The Sugar Cane Club was located at the edge of the "low-down" district on 2212 135th Street and 5th Ave. The entrance was through a narrow underground passage. Black performers such as Duke Ellington, Bessie Smith, Louis Armstrong, and Ethyl Waters all entertained at the Sugar Cane Club before they became famous. On weekdays, there were about 100 patrons in the club, but Saturday nights held about 200. This club was for the lower-class blacks and you could only see a sparse amount of white persons. It was laden with bootleg liquor. Scholar Steven Watson describes it perfectly:
"The rudimentary three- piece band accompanied a torch singer under bright white light singing "I'm Busy and You Can't Come In." As the lights revolved from blue to red, dancers filled the tiny floor, "animal beings urged on by liquor and music and physical contact," as Wallace Thurman described them... The decibel level went up after 3:00 A.M., when New York's curfew law shuttered the city's legitimate cabarets. At this point, moonlighting performers dropped into the clubs that had paid off the police for "special charters." "Jazzlips" Richardson or the dancing Bon Ton Buddies, fresh from playing Hot Chócolates at Connie's, for example, might do a turn in exchange for food and drink. It was the custom to show approval of the performers by tossing wadded-up dollar bills at them, or rapping on the tables with glasses or small wooden hammers. The activity at institutions like the Sugar Cane continued in high key until piercing seven o'clock whistles warned that a new work day was about to begin."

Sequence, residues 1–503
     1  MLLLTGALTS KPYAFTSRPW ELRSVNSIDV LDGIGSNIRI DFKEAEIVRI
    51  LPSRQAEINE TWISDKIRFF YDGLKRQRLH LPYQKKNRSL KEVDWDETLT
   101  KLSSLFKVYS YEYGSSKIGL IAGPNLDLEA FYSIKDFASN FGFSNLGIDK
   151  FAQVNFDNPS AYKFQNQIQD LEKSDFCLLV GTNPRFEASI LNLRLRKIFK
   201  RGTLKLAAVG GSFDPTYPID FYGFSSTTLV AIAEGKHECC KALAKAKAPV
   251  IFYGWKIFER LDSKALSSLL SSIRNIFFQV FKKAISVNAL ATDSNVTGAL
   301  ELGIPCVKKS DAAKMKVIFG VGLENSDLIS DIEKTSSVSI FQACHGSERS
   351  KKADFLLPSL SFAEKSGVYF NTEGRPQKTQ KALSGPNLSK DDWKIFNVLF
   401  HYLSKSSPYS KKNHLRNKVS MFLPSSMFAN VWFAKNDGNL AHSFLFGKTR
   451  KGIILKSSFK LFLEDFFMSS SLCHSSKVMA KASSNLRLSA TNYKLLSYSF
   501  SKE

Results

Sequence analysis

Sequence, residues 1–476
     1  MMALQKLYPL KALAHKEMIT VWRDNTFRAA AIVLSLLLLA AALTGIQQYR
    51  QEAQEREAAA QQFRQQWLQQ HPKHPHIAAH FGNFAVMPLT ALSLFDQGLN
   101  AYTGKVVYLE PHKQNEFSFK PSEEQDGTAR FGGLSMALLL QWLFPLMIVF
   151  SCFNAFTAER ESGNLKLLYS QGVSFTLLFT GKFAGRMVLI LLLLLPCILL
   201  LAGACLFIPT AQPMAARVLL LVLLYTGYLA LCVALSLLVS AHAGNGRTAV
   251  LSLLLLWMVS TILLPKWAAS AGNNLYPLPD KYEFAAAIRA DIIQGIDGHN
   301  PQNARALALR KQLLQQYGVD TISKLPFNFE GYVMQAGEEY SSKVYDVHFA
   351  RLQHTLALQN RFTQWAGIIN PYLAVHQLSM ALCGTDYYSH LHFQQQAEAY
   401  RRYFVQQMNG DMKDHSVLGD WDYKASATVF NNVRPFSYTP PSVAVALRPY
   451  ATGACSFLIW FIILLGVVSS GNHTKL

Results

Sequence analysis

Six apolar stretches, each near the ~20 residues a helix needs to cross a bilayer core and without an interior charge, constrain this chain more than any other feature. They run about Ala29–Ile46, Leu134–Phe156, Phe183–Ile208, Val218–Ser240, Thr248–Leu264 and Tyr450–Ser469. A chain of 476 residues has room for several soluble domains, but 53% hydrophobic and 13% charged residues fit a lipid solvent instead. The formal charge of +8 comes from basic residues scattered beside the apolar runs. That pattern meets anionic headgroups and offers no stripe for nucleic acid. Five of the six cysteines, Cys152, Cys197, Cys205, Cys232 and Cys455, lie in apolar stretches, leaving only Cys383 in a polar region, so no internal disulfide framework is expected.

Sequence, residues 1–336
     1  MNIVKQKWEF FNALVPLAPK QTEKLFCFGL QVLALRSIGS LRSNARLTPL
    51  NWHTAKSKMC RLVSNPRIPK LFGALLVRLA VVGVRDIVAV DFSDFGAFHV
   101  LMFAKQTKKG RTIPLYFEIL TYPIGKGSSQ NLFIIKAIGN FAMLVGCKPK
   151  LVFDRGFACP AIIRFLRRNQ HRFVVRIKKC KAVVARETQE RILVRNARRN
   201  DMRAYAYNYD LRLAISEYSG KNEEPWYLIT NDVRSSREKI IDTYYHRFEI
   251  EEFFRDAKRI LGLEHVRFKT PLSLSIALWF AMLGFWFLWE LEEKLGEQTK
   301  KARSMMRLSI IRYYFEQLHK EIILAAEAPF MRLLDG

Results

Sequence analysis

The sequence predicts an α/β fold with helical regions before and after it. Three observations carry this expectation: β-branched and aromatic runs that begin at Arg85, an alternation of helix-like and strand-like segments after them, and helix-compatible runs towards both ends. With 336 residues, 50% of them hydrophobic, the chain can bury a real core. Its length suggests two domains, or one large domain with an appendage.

Watson, Steven. "The Harlem Renaissance." American Studies @ The University of Virginia. Web. 07 May 2011. <>.

Wintz, Cary D. Black Culture and the Harlem Renaissance. College Station: Texas A&M UP, 1996. Print.
Wintz, Cary D., and Paul Finkelman. Encyclopedia of the Harlem Renaissance. New York: Routledge, 2004. Print.